Change control

Hi Folks,
Has anyone come up with any good methodologies for change control
of an RT installation? Many of the components are database records
that don’t seem amenable to CVS control, scrips and templates as well
as custom field definitions and queue setups. We’d like to have a record
of what changed when and by whom, and be able to reconstruct the
state of the system or back out a change. Even an audit record of what
changed would be better than nothing, even if it can’t be used directly
for backing out a change. Has anyone tackled this?
Best,
-Chuck Boeheim
Stanford Linear Accelerator Center

smime.p7s (3.25 KB)

Has anyone come up with any good methodologies for change control
of an RT installation? Many of the components are database records
that don’t seem amenable to CVS control, scrips and templates as well
as custom field definitions and queue setups. We’d like to have a
record
of what changed when and by whom, and be able to reconstruct the
state of the system or back out a change. Even an audit record of
what
changed would be better than nothing, even if it can’t be used
directly
for backing out a change. Has anyone tackled this?

Great question, and I’d love to hear what people are doing… sounds
like a page dying to be in the wiki!

I thought about just keeping a $RTHOME/install-notes.txt about what I
did, components / add ons / hacks I put in place… it makes me very
afraid to upgrade to current (and im only 0.0.1 back!)

duncan

I’d venture that a good backup and then perhaps comitting the sql backup into Subversion or CVS is one way to control those elements. In practice we normally commit the production base install for the files and also our local customizations into Subversion for control and tracking. No reason why you couldn’t script a regular dump of the relevant tables and then commit those to one of the branches…

Michael Eraña, CISSP
CTO
PC Network, Inc.

|=> -----Original Message-----
|=> From: rt-users-bounces@lists.bestpractical.com
|=> [mailto:rt-users-bounces@lists.bestpractical.com] On Behalf
|=> Of Chuck Boeheim
|=> Sent: Tuesday, March 14, 2006 12:04 PM
|=> To: rt-users@lists.bestpractical.com
|=> Subject: [rt-users] Change control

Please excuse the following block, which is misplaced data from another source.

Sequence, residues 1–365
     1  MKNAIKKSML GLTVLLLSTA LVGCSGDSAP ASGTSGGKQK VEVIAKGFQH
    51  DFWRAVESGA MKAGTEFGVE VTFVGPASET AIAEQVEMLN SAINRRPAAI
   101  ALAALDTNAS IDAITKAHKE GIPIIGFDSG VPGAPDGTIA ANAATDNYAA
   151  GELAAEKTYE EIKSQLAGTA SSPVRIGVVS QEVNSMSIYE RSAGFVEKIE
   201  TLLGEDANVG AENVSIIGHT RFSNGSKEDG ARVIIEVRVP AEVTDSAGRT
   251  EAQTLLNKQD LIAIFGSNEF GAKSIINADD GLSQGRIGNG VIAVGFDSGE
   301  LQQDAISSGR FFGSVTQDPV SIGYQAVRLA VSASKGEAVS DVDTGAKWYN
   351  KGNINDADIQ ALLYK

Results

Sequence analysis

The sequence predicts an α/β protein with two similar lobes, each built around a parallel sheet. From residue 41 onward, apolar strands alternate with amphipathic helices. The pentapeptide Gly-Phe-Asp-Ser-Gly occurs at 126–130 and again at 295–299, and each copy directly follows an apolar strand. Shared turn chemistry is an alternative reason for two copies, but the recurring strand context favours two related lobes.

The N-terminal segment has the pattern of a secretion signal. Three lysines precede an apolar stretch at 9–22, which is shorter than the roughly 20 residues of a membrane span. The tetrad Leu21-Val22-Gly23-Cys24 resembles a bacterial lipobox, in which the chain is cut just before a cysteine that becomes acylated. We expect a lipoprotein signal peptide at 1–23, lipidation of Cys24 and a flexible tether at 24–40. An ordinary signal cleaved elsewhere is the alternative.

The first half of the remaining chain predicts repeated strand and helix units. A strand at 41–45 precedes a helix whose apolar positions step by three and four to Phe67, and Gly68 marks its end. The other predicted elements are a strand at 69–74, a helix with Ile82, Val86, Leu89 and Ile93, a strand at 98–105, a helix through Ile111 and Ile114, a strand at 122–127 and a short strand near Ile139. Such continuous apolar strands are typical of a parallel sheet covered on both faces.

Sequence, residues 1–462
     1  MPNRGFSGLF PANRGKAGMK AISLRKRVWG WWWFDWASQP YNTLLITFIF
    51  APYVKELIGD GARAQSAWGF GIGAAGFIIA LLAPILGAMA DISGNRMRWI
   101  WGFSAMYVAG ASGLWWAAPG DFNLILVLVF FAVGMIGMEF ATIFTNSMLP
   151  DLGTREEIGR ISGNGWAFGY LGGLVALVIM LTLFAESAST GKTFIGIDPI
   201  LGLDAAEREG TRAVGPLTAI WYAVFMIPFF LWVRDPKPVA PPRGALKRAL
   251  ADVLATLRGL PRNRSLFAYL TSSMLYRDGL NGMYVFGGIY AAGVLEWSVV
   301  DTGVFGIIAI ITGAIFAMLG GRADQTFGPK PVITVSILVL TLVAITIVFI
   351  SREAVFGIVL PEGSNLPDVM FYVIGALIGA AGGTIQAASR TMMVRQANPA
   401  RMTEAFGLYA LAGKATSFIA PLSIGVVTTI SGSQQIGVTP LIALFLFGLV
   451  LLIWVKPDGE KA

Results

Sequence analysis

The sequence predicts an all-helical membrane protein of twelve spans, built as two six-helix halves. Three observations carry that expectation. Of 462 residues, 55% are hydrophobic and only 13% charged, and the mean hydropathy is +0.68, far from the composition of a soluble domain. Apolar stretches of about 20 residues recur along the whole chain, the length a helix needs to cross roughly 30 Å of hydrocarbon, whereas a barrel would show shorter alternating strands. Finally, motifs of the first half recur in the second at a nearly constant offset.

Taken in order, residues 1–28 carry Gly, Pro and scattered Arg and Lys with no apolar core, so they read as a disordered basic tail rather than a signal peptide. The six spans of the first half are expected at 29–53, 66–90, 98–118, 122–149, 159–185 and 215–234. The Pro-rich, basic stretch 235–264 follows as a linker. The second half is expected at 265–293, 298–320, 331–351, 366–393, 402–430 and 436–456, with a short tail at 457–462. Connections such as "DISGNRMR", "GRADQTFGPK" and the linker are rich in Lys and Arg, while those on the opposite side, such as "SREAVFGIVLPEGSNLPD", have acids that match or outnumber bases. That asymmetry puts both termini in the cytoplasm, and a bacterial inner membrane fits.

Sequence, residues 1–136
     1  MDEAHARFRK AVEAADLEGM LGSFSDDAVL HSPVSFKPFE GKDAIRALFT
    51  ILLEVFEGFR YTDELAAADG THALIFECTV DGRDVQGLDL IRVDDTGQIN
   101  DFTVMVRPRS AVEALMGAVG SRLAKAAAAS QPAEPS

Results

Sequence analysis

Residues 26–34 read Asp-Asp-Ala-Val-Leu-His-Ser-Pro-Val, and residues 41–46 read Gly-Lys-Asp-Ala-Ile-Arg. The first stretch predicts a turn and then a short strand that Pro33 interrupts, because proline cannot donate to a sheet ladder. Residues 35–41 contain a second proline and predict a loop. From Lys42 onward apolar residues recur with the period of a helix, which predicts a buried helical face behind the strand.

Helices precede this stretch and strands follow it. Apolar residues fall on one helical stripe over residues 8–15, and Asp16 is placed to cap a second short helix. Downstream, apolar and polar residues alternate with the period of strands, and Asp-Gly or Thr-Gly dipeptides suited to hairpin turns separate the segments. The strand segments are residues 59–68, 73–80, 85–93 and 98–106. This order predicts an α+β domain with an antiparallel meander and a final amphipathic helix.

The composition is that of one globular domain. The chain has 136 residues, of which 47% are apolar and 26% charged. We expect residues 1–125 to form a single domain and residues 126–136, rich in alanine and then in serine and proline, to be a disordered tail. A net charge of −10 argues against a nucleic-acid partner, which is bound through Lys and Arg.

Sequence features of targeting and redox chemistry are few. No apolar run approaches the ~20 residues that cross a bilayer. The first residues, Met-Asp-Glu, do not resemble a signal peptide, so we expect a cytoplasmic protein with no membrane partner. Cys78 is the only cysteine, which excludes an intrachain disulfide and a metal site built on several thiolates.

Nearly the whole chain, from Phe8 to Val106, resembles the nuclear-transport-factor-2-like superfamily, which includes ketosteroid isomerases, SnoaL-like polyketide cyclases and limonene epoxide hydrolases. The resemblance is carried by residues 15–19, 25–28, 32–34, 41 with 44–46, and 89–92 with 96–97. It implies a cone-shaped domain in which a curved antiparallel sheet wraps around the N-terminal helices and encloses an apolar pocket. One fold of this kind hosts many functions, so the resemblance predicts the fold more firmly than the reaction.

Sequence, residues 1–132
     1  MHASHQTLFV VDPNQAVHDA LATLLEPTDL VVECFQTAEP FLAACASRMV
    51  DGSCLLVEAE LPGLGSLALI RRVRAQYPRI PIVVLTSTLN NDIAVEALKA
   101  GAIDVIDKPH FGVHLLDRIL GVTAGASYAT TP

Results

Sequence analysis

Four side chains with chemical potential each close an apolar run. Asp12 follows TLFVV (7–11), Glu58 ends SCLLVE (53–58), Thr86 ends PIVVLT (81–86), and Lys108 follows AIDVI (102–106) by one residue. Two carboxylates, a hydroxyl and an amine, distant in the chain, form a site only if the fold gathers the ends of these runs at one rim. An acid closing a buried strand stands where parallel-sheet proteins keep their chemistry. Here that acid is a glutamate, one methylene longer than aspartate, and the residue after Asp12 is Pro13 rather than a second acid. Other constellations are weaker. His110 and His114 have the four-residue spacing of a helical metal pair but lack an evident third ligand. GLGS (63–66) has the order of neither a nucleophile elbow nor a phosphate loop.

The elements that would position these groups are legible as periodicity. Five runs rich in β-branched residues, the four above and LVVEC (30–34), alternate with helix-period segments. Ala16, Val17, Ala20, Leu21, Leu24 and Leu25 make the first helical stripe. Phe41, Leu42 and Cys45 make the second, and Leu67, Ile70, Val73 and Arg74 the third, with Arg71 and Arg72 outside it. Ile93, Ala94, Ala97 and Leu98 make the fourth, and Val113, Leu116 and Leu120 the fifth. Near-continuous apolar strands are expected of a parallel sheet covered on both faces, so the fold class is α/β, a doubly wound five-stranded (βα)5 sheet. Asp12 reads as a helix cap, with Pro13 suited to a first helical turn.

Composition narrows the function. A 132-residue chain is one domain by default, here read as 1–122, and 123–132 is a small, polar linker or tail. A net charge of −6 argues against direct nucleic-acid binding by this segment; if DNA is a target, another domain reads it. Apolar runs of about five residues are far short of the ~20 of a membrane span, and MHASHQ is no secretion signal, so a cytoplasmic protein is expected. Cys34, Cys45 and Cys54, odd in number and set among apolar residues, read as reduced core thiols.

|=>
|=> Hi Folks,
|=> Has anyone come up with any good methodologies for change
|=> control of an RT installation? Many of the components are
|=> database records that don’t seem amenable to CVS control,
|=> scrips and templates as well as custom field definitions
|=> and queue setups. We’d like to have a record of what
|=> changed when and by whom, and be able to reconstruct the
|=> state of the system or back out a change. Even an audit
|=> record of what changed would be better than nothing, even
|=> if it can’t be used directly for backing out a change. Has
|=> anyone tackled this?
|=> Best,
|=> -Chuck Boeheim
|=> Stanford Linear Accelerator Center
|=>

Even an audit record of what
changed would be better than nothing, even if it can’t be used directly
for backing out a change. Has anyone tackled this?

The quick and dirty way to do this is simply to turn on SQL Statement
loggingon the db.

Jesse

Chuck,

We are attempting to do just that here at LBNL. The "APPROVAL" setup 

in RT does not seem to create the kind of audit trail we would like. We
would like a request to keep it’s number, that way every stage, from
approval for work to approval for Acceptance testing to approval for
installation is in history for the same request numer and therefore
easier to track. If RT would allow for a few more options in the
drop-down selection for staus (like “pending approvel”, “approved for
work”, “approved for QA”, “approved for inplementation”), we could write
scrips to move a request from a particular approval queue to a work
queue and back to another approval queue (for QA as an example) and on
to implemntation. That way queues can be used as steps in a work flow